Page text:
A newly discovered strain of coronavirus, originating from Wuhan, China, has been making headlines around the world. As of January 24, 2019, it has caused panic and an unprecedented lockdown of 30 million people in China. But just what is a coronavirus? What makes this one so special? What do we need to do in Canada and the USA to prepare for an outbreak?
Coronaviruses are a common class of viruses that can be responsible for common diseases such as the cold. Traditional signs and symptoms of coronavirus infection include cough, fever, and respiratory symptoms. Coronavirus can sometimes lead to viral pneumonia which is associated with acute respiratory syndrome, kidney failure, and death. Coronavirus has garnered international attention in the last decades as it was the coronavirus that caused SARS (which had a 10% mortality rate) and MERS (which had 37% mortality rate). This time, the new 2019-nCoV (this new coronavirus doesn’t have a fancy name yet) is causing international concern as it’s repeating many similar trends that SARS infection did back in 2003.
The new 2019 Wuhan coronavirus is associated with high ICU admission and high mortality. It causes severe respiratory syndrome but we still do not understand how it is transmitted, the duration of transmission, and the spectrum of symptoms that it can cause. A study of the original 41 2019 n-CoV patients showed that they most commonly had fever, cough, and shortness of breath. Within 7 days, these patients needed to be hospitalized and by 10 days, they were in the ICU. By January 2, 2020, 41 people in Wuhan China had been admitted to the hospital and had confirmed diagnosis of 2019-nCoV infection. There was not, and still is not, a recommended therapy for 2019-nCoV infections. Doctors tried some medication that was useful for SARS infections and gave some patients systemic corticosteroids. Of these 41 people, 6 died.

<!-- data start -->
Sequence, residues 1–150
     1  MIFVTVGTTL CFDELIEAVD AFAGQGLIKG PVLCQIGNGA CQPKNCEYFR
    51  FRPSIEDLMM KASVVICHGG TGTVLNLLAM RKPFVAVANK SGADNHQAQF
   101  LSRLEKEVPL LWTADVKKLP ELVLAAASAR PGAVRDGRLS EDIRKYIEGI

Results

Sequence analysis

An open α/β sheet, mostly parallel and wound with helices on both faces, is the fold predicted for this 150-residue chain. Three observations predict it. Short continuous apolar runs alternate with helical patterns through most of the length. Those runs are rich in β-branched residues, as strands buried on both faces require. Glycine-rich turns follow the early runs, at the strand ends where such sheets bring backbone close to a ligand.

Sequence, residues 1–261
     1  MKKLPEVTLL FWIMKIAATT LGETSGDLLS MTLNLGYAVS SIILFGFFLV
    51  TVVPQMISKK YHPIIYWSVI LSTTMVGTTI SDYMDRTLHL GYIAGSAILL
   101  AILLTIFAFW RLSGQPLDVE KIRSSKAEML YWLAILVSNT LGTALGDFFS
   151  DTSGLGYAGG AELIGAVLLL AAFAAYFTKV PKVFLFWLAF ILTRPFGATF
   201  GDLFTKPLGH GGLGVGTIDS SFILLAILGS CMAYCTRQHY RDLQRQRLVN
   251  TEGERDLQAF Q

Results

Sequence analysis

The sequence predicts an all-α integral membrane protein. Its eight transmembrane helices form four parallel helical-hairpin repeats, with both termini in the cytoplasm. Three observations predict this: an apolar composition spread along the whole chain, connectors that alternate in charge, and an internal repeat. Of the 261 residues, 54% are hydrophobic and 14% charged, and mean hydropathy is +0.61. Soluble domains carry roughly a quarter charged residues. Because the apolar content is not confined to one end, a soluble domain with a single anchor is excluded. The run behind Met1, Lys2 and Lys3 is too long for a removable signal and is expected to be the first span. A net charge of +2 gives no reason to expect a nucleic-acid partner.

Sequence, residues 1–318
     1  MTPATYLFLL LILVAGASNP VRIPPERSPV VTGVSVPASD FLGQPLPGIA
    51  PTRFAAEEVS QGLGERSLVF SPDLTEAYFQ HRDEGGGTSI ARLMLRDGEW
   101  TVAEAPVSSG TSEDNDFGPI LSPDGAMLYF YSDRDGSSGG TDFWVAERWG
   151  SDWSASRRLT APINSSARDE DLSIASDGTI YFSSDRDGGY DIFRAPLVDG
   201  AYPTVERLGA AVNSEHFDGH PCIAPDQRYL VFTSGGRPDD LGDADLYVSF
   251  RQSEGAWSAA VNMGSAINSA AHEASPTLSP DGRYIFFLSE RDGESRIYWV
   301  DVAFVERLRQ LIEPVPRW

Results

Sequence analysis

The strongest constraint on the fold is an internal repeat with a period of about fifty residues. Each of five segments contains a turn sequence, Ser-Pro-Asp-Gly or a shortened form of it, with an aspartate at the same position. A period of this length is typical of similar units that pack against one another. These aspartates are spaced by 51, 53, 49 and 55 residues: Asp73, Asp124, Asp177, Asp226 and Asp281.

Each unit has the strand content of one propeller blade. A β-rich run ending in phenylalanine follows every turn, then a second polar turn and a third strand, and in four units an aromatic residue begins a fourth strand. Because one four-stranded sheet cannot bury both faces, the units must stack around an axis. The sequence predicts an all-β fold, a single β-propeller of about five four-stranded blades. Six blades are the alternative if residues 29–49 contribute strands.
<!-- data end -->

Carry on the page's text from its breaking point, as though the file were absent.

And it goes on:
A death rate of 4/41 (15%) is extremely concerning. To put it in perspective, the death rate of pneumonia for people 70 and older is approximate 0.26%. There isn’t a vaccine that can slow the spread of this disease. China is currently placing 30 million people on lockdown in order to try to contain the virus but, even so, there are new cases being reported globally including Thailand, Vietnam, Singapore, Japan, the USA, South Korean, Nepal, and France. Based on current information, it may take an infected patient 7-14 days to show any symptoms. During this time, they are shedding the virus and can potentially infect other people around them.
The World Health Organization is in holding ongoing meetings to see whether or not the current situation should be declared a global emergency. Health authorities in Canada and USA have both declared that they are ampally prepared for a global outbreak and there is no need for concern. Canadian pharmacy associations and physician associations do not have a statement on the current happenings. Local Vancouver pharmacies are reporting a shortage of flu masks and hand sanitizer.